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RECESSION TRIGGERS AUTOMATIC INCREASES IN JOBLESS FUND CONTRIBUTIONS

RECESSION TRIGGERS AUTOMATIC INCREASES IN JOBLESS FUND CONTRIBUTIONS
 HARRISBURG, Pa., July 31 /PRNewswire/ -- As publicly forecast last month, the ongoing national recession and increased long-term unemployment will trigger automatic increases next year in employer and employee taxes that support the Unemployment Compensation Trust Fund, the state Department of Labor and Industry reported today.
 The increases, the result of a "trigger mechanism" established by a 1988 law strongly supported by business and labor to maintain the solvency of the Unemployment Compensation (UC) Trust Fund, will go into effect Jan. 1, 1993.
 Employers will be required to pay a surcharge of 9.3 percent on the amount of tax they normally pay to the UC Fund. They will also pay an additional tax of 0.5 percent on the first $8,000 of each worker's earnings.
 Workers will pay .15 percent on all wages earned or $1.50 for each $1,000, up from .05 percent this year.
 The increases are projected to generate $465 million in additional income to the fund -- $157 million from the additional employer contributions, $119 million from the surcharge and $189 million from the contribution by workers.
 Despite the recession-driven drain on the UC Trust Fund, the trigger mechanism has worked to keep Pennsylvania employers from having to pay federal penalties, higher taxes and other assessments that would have been required if the state had to borrow federal funds to support the system, as a number of other states have had to do recently.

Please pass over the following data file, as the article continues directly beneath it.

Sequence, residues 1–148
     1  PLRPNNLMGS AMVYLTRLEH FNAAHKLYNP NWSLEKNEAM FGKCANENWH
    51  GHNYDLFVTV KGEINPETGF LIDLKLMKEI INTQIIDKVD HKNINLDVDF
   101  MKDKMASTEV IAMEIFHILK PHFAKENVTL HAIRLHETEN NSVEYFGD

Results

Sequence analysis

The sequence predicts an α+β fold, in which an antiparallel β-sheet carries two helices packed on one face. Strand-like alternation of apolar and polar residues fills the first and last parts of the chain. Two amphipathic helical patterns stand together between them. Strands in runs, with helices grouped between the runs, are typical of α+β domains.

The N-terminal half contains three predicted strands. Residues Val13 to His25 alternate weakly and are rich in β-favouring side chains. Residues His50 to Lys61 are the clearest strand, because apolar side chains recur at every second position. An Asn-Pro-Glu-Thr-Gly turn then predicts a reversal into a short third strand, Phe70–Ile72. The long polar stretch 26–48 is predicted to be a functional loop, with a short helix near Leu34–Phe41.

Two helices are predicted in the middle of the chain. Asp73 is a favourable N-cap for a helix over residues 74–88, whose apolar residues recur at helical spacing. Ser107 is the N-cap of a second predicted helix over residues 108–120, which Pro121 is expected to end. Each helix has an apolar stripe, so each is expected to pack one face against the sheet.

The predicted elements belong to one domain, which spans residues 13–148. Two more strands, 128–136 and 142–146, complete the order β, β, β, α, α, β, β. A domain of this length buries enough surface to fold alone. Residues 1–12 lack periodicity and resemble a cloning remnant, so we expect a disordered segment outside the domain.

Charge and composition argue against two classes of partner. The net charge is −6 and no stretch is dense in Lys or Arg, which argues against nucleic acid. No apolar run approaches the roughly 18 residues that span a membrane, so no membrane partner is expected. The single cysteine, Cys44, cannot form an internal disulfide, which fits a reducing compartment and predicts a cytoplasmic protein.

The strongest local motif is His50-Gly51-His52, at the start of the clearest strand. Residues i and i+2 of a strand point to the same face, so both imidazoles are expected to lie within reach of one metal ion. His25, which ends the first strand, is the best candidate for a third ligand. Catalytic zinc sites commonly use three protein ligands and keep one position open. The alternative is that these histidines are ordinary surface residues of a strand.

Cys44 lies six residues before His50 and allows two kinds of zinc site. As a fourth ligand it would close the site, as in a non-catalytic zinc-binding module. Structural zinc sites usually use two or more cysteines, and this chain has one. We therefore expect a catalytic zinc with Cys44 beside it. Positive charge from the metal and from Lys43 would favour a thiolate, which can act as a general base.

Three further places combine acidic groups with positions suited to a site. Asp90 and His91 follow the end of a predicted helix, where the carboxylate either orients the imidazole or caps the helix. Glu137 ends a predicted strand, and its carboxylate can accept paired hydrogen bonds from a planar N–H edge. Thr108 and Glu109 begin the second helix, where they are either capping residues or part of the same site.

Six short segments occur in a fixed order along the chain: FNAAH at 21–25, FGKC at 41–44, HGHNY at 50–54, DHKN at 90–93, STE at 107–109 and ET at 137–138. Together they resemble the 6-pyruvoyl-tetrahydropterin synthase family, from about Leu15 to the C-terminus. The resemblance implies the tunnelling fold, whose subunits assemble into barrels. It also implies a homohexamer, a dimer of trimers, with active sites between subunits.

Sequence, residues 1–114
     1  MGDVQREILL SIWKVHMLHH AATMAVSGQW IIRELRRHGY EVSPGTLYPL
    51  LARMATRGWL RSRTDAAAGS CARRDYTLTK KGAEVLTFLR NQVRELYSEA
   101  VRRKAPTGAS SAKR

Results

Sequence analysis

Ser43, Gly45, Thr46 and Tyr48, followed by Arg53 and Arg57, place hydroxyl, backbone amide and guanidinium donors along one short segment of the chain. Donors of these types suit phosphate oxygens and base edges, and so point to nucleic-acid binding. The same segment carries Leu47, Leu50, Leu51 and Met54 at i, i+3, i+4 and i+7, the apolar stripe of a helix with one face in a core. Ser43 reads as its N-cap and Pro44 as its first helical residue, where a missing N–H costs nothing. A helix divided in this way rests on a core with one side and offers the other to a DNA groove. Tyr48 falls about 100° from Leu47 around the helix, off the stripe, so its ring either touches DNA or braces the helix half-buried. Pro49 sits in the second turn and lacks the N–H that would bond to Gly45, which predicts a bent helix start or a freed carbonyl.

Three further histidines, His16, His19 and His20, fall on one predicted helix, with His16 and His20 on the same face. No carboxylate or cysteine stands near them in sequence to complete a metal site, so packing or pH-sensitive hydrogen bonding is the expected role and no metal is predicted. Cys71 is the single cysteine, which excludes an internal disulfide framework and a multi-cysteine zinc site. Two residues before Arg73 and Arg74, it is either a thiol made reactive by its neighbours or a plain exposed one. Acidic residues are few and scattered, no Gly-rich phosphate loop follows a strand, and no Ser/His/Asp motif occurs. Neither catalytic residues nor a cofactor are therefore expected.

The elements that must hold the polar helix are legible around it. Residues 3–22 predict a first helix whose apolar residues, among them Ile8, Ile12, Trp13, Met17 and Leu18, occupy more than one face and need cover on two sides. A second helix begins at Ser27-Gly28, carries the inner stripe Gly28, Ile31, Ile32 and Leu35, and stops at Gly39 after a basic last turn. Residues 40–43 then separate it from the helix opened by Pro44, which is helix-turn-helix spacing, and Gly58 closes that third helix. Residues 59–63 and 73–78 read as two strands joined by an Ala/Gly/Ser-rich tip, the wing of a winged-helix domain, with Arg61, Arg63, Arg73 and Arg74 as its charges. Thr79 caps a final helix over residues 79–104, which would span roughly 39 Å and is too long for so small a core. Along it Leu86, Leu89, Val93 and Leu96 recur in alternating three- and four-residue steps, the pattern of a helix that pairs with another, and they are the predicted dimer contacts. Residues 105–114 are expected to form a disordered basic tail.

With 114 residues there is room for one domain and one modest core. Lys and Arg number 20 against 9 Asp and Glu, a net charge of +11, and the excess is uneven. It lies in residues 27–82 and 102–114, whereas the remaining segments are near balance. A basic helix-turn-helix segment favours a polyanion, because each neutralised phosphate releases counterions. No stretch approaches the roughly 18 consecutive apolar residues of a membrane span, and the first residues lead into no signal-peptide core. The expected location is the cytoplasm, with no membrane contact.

In addition, the enactment of the trigger four years ago and early repayment of the state's $2.7 billion federal debt actually reduced taxes on businesses and workers. Through 1992, employers will have saved about $1.1 billion and workers saved approximately $398 million.
 Last month, the Department of Labor and Industry issued a report, the "1991 Actuarial Evaluation, Financial Operations of the Pennsylvania Unemployment Compensation Trust Fund," which predicted that by July 1, the amount in the fund would have fallen to a level that would require increases in taxes paid by employers and workers.
 The actual balance in the fund on June 30 was $997.1 million, which corresponds to a "trigger percentage" of 69 percent. The trigger percentage, used to determine the level of contributions needed for the following year, is a comparison of the fund balance to the average annual benefit payout for the previous three years.
 The report is based upon projections by the Wharton Econometric Forecasting Associates (WEFA).
 The report says that with more Pennsylvanians unemployed during 1991 than at any time since 1983 because of the current recession, the state's U.C. program provided more than $1.7 billion in benefits to more than 699,000 unemployed workers. In the process, the Fund balance dropped by $469 million to about $1.2 billion at the end of 1991.
 Projections in the report call for the balance to fall to $770 million by the end of 1992 before beginning a modest rise, in response to the increased worker and employer contributions and what WEFA predicts will be a slow economic recovery through late 1993 and 1994.
 Under the 1988 bipartisan plan, the solvency of the Trust Fund is maintained through automatic "triggers" which adjust taxes and benefits as the Fund's balance grows or decreases. The "trigger mechanism" is designed to keep the Fund balance from becoming either dangerously low or excessively high.
 At the height of the 1980's recession, Pennsylvania was indebted to the federal government for more than $2.7 billion, because of borrowing necessitated by rising unemployment rolls.
 During the current recession, a number of states have been experiencing problems paying UC benefits, and some states, including Massachusetts, Michigan and Connecticut, have found it necessary to borrow federal funds. Borrowing federal funds to pay unemployment benefits requires states to pay interest on the debt and employers in those states may have to pay additional penalty taxes to help retire the obligation to the federal government.
 /delval/
 -0- 7/31/92
 /CONTACT: Jack McGettigan or Susan Hensel of the Department of Labor and Industry, 717-787-7530/ CO: Pennsylvania Department of Labor and Industry ST: Pennsylvania IN: SU:


MK -- PH026 -- 5705 07/31/92 15:01 EDT
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Date:Jul 31, 1992
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